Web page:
|[Note Guidelines] Photographer's Note|
|The Bosque del Apache National Wildlife Refuge, in southern Socorro County, New Mexico, is administered by the U.S. Fish and Wildlife Service. It sits near the Rio Grande astride New Mexico Route 1, formerly U.S. Highway 85. The refuge was founded in 1939.|
The refuge comprises approximately 3,800 acres (15 km2) of Rio Grande floodplain, 9,100 acres (37 km2) of irrigated farms and wetlands, and a further 44,300 acres (179 km2) of arid grasslands and foothills of the Chupadera and San Pascual Mountains. The wetlands attract the huge flocks of wintering cranes and geese that are the refuge's most interesting feature. Many other species—notably waterfowl, shorebirds, and birds of prey—also winter in the refuge. Striking vagrants such as a Groove-billed Ani have been found there. A twelve mile (19 km) long loop road allows automobile drivers excellent views of the wetlands and there are several short (1.5 to 10 miles) walking trails. The road affords good views of the fields where crops are grown for the benefit of the birds under cooperative agreements with farmers. Adjacent to the Visitor's Center, a desert plant garden is maintained. In the Chihuahuan desert terrain outside of the Rio Grande riparian zone, the refuge also hosts three federally designated Wilderness areas (Chupadera, Little San Pascual, and Indian Well).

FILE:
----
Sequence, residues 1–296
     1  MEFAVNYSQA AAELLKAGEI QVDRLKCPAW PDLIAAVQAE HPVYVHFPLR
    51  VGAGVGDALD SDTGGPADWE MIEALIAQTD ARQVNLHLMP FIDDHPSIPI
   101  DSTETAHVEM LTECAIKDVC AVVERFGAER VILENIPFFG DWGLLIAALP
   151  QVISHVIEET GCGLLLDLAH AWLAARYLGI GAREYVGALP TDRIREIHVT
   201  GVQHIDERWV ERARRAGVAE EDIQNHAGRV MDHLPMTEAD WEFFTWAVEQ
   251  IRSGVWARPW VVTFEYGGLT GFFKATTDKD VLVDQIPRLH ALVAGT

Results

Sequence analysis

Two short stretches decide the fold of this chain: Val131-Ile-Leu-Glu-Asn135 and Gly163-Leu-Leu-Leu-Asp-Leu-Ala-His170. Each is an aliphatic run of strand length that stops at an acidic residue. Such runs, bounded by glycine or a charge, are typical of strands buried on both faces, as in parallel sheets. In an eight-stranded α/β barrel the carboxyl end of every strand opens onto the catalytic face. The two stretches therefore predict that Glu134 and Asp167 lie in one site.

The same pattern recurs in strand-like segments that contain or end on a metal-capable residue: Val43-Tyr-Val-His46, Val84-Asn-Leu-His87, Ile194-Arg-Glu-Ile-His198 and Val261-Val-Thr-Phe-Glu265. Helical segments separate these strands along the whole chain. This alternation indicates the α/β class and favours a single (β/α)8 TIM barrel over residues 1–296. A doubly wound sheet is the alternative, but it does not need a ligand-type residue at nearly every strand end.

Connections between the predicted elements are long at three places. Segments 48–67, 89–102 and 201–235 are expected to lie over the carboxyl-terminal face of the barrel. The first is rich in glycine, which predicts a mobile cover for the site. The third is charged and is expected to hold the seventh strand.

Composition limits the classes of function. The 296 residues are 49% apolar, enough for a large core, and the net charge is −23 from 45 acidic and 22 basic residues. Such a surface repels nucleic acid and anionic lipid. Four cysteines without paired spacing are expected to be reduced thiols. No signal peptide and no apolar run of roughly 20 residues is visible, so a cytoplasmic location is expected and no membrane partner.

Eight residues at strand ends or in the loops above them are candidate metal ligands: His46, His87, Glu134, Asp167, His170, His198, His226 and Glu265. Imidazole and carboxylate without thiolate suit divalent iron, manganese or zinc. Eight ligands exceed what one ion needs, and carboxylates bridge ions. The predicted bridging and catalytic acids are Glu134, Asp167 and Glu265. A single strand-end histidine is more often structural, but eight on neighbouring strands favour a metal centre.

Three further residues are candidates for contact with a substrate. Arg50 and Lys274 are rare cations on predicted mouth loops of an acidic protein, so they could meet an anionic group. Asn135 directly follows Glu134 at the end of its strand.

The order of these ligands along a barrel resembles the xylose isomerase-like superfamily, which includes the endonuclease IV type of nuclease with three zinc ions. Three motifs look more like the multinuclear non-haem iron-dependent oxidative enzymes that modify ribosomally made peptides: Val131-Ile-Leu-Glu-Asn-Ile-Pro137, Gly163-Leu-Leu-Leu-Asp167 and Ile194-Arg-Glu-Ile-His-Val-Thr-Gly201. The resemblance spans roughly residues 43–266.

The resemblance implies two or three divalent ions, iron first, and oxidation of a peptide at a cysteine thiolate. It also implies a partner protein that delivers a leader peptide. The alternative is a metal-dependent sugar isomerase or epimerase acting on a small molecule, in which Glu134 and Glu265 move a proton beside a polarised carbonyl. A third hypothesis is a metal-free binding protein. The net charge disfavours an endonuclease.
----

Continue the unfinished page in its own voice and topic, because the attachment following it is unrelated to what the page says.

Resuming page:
The diversity of birds is also high in spring, particularly the last week of April and first week of May, and in fall. In summer the area is hot but many water birds can be found, including such New Mexico rarities as the Least Bittern and occasionally the Little Blue Heron. Late November to late February is the best time for large numbers of birds, typically over 10,000 Sandhill Cranes and over 20,000 Ross's and Snow Geese. An annual 'festival of the cranes' is held the weekend before Thanksgiving as large numbers of cranes begin arriving in the refuge. Winter visitors generally plan to be in the refuge at sunrise or sunset, when the flocks of cranes and geese that roost in the refuge "commute" to or from local fields where they feed. Although winter sunsets and especially sunrises are chilly, the daily low temperature is seldom far below freezing. Visitors typically stay in the nearby RV park or in Socorro or San Antonio.
The name of the refuge means "woods of the Apache" in Spanish, referring to a former campsite there. In English it is pronounced "BOSkee del aPATCHee".
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